There is another alternative route between Paris and Amsterdam, which consists of a combination of regional trains following more or less the same trajectory as the Thalys (Paris-Amiens-Lille-Courtrai-Brussels-Amsterdam), but it’s more expensive (€99) and only marginally faster.
You can still travel cheaply by low speed train between Paris and Amsterdam, but the trip takes as long as it did in 1927 and you have to walk half an hour to cross the border between France and Belgium.
Quite surprisingly, those who want to avoid the high costs associated with the high speed train between Paris and Amsterdam are much worse off today than people were in 1927, when the trip also took eight hours, but there was no need to switch trains or walk across the border. 
Barcelona – Paris
The Thalys is not an isolated case. The completion of the last link in the high speed line between Barcelona and Paris on December 15, 2013, had a predictable consequence: the abolishment of the direct night train between both cities, the Trenhotel Joan Miró. This very popular train ran daily in both directions and covered the distance in about 12 hours, leaving around 20h30 in evening and arriving around 08h30 in morning. It was introduced in 1974, and received its present name and rolling stock in 1991.
Again, this is not the time to marvel about the comfortable cabins, the linen table clothing in the dining car, or the many friends I have made on this trip. Let’s just look at the numbers. The fare for a one-way trip on the Trenhotel Joan Miró was between €70 (ordered more than two weeks in advance) and €140 euro (ordered shortly before departure). The standard fare on the new high speed train covering the same trajectory is €170, up to twice as much. As with the Thalys, heavily advertised cheaper fares (€59 euro) are available for early bookers, but the availability of these tickets is very, very limited.
At first sight, it seems that you get something valuable in return for this steep price: a travel time of slightly over six hours. However, numbers don’t tell the whole story here. On a night train, passengers sleep about seven to eight hours, which brings the perceived travel time back to between four and five hours — faster than the high speed train. Furthermore, the night train meant you arrived in Paris or Barcelona in the early morning, which can be very practical. If you want to arrive early morning by high speed train, you need to take a train the day before and book a hotel, increasing the overall cost.
As of 2014, a round trip between Barcelona and Amsterdam will set me back at least €580 at standard fare. Before the introduction of the high speed train, the cost was €270.
For die-hard idiots like me, there are still cheaper options available. You can take a regional train from Barcelona to the French border, either going straight over the Pyrenees (via Latour de Carol-Enveitg) or alongside the coast (via Cerbère-Portbou). From these border stations, you can hop on a domestic night train to Paris — in spite of its extensive high speed network, France still has some domestic night trains. A one-way trip costs about €70 to €140, corresponding with the fare of the abolished Trenhotel. However, this is cold comfort as the trip takes close to 16 hours and requires an extra change. And forget all the comfort and extras that came with the Trenhotel: you sleep in a cabin with six instead of four beds, and there isn’t even a drinking fountain onboard, let alone a bar or a restaurant.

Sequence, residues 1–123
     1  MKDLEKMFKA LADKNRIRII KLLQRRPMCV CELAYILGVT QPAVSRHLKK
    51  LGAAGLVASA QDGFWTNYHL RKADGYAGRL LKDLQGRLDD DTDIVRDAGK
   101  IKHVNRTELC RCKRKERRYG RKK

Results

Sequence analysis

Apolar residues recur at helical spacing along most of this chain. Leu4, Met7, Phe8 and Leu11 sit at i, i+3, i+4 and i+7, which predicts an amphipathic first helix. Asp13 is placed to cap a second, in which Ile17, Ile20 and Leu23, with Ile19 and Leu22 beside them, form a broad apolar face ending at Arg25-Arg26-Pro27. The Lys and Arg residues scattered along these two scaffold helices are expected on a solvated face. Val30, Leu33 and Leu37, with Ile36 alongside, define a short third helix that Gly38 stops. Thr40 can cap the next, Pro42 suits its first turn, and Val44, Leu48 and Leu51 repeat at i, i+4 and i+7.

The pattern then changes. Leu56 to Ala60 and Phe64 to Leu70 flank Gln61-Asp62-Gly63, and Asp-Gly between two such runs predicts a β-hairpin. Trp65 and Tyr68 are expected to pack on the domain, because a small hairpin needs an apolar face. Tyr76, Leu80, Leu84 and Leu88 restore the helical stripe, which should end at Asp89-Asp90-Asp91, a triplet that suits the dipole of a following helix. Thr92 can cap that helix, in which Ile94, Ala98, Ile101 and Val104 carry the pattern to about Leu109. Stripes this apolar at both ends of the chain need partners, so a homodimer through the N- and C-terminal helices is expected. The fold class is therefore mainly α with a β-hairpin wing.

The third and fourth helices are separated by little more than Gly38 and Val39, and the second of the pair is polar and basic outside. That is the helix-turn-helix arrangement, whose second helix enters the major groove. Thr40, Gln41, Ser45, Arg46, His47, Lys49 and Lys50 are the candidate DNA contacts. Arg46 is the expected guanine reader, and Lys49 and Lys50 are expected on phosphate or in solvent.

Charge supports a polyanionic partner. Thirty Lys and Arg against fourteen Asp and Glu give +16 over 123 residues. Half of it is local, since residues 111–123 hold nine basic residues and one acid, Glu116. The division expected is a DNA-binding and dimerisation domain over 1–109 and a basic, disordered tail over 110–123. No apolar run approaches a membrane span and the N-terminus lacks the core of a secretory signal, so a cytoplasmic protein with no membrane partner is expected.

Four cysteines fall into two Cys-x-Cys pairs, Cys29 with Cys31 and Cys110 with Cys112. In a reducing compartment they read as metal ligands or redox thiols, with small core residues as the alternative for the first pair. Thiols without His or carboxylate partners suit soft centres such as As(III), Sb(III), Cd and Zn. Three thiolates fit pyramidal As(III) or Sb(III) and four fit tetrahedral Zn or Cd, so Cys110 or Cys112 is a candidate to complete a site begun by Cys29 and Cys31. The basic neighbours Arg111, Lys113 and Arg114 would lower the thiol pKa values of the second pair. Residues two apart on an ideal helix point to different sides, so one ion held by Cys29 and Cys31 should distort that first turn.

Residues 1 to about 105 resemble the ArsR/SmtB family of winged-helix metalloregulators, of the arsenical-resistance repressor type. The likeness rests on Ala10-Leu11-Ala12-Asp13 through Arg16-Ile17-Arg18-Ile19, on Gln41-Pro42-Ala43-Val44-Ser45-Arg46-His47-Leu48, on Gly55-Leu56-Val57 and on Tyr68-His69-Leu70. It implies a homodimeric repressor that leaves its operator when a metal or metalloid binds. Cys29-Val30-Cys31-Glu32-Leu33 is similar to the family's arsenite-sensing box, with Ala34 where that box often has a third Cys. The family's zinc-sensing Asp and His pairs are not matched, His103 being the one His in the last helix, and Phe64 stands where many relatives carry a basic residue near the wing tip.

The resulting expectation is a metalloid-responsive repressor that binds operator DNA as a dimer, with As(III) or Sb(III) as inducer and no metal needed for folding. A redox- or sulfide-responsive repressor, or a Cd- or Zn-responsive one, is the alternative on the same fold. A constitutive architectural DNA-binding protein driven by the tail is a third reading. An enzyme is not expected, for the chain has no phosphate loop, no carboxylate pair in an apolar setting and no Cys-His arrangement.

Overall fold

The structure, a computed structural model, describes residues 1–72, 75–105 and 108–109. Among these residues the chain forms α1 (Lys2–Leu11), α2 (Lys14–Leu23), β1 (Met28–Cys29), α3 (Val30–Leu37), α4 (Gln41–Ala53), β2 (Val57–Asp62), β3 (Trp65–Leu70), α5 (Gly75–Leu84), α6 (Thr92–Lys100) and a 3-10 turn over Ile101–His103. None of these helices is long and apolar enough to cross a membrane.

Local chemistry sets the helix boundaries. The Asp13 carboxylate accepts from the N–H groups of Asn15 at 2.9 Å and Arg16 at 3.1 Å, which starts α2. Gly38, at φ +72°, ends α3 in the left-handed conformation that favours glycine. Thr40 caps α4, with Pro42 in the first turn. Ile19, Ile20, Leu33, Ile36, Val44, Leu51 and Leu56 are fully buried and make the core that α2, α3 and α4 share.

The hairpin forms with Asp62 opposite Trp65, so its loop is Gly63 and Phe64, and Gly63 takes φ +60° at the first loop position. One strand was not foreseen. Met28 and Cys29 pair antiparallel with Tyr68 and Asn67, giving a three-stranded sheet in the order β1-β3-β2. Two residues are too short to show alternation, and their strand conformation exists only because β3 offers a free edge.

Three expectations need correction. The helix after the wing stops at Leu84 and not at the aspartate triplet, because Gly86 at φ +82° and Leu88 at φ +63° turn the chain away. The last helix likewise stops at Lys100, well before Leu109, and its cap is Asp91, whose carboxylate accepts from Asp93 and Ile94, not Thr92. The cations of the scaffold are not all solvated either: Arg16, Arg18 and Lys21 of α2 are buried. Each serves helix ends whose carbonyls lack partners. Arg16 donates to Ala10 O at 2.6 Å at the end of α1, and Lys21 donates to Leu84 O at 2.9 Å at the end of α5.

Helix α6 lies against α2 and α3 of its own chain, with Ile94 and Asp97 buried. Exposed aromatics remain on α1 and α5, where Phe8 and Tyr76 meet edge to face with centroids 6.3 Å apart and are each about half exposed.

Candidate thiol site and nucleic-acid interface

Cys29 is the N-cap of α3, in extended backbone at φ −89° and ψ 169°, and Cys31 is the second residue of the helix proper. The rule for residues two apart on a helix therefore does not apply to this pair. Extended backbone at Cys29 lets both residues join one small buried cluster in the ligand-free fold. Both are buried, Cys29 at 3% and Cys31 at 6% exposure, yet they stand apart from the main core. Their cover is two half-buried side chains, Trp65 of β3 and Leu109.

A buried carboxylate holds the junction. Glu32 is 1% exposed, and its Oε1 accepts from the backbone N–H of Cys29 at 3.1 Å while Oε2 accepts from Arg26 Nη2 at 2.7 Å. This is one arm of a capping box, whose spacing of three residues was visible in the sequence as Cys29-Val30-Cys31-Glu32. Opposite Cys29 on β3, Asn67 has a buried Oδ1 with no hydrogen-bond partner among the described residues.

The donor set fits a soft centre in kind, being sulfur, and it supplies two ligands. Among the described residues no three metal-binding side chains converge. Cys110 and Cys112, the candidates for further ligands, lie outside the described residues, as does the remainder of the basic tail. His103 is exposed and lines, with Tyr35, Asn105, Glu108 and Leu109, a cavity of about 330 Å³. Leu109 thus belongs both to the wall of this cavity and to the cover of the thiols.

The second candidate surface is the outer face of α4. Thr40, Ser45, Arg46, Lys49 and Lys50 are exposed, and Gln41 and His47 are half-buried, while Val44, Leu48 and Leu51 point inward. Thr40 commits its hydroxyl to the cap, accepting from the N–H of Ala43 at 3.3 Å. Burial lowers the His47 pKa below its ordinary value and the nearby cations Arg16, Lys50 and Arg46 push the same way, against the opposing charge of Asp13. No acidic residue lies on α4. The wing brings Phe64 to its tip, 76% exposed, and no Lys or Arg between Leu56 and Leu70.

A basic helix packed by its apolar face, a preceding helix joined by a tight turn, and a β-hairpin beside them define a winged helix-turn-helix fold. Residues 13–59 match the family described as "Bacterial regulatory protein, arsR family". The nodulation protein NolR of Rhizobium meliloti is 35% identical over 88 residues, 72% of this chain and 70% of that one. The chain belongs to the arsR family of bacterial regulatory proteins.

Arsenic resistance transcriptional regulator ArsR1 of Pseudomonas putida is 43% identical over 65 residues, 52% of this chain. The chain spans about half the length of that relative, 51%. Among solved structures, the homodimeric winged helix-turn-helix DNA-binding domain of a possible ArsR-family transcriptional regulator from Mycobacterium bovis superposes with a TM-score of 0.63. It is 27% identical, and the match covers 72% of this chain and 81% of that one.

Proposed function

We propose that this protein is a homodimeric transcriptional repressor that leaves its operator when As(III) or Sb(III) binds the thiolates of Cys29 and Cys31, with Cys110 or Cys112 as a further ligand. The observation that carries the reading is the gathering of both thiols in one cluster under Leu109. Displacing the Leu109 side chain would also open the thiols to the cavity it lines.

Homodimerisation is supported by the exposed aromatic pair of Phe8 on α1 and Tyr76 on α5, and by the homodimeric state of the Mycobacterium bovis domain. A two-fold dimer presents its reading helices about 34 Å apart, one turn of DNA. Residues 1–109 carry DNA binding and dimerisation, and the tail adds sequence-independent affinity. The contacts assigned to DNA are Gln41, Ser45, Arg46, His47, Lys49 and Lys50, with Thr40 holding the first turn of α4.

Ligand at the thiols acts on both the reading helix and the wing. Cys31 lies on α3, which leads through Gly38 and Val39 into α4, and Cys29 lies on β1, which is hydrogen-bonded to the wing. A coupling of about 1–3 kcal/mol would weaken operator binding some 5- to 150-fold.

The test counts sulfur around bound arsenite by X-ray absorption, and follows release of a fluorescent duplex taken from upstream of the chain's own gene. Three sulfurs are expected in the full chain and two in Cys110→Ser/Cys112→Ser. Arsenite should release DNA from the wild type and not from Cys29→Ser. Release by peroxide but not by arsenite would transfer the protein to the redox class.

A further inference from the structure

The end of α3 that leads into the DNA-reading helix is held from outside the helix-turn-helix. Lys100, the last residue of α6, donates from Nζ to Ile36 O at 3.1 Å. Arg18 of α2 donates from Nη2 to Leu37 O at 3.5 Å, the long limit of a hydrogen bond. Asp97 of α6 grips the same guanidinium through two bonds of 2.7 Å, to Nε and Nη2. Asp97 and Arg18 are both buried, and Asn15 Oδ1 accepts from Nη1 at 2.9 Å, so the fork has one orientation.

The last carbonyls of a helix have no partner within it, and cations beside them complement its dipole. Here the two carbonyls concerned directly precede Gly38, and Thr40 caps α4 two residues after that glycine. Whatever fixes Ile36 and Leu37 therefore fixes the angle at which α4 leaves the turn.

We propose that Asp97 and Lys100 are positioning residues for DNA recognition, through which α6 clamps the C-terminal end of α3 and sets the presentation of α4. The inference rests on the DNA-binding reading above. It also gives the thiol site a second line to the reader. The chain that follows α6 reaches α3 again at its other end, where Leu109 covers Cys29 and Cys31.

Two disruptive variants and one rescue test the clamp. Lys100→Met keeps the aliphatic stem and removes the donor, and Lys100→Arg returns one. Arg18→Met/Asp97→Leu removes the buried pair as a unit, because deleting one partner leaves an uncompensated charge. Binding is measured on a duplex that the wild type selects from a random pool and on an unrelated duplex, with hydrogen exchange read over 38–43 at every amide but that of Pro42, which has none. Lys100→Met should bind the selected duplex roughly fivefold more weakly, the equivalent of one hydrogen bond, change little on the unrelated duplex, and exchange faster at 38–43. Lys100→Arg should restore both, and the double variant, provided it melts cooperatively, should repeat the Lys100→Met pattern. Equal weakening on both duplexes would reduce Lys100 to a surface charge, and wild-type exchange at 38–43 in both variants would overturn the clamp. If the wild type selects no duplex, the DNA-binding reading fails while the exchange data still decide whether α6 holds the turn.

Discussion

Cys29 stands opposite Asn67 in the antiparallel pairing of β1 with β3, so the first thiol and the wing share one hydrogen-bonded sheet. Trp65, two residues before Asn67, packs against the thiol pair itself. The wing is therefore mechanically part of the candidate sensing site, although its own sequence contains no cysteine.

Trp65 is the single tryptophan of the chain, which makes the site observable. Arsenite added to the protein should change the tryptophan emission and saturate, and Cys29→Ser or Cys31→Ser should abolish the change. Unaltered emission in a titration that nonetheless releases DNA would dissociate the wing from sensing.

In summary, as of 2014, a round trip between Barcelona and Amsterdam will set me back at least €580 at standard fare. In 2013, a combination of the now suspended Trenhotel and the Thalys allowed me to travel back and forth by train for a minimum standard fare of €360. And in the early 1990s, combining the Étoile du Nord and the Trenhotel would have allowed me to make the trip for a minimum of €270 euro (calculated at today’s kilometre rate). The price has doubled, while the travel time remained more or less the same.
Let’s go East !
The worst is yet to come, though. The high speed line between Paris and Barcelona has also cut off my gateway to Central and Eastern Europe. Contrary to the “slow” train route that goes over the mountains and then heads straight to Paris, the high speed track does a sharp turn to the right, heading towards Narbonne and Montpellier in the south of France before setting course to Paris. If I want to go to Italy, Switzerland, Austria or beyond, I have to go in the same direction.
The completion of the high speed track between Montpellier and the Spanish border in 2010 led to the suspension of three “slow” trains. The first was the Catalan Talgo, a direct train that had run between Barcelona and Montpellier since 1969. In fact, it originally operated between Barcelona and Geneva in Switzerland, but the route was shortened when the high speed line between Montpellier and Geneva was opened in 1994.
I felt lucky to be travelling on this train, which still used the original rolling stock from 1969. But, again, this is not the time for nostalgia. Look at the numbers. The original Catalan Talgo, running between Barcelona and Geneva until 1994, completed the journey in 10 hours. My only option when travelling to Geneva now involves a combination of three high speed trains and a regional train with a total travel time of eight to ten hours — just as fast as the Catalan Talgo in the 1970s, but that was direct. The train itself may have been in need of an upgrade, but the direct connection clearly wasn’t.
A trip from Barcelona to Switzerland or Italy now takes longer than before the installation of the high speed train. In spite of this, fares on the route have more than doubled.
The two other trains were abolished in December 2012. These were night trains: the Trenhotel Pau Casals, which ran between Barcelona and Zürich (Switzerland), and the Trenhotel Salvador Dalì, which connected Barcelona and Milan (Italy). They each took about 13 hours to complete their journey, leaving around 20h30 in evening and arriving at 10h00 in morning. The only way to reach Zürich now is through a combination of at least two high speed trains that take 11 hours. The only way to get to Milan is now through a combination of two high speed trains and a regional train with a total travel time of over 12 hours.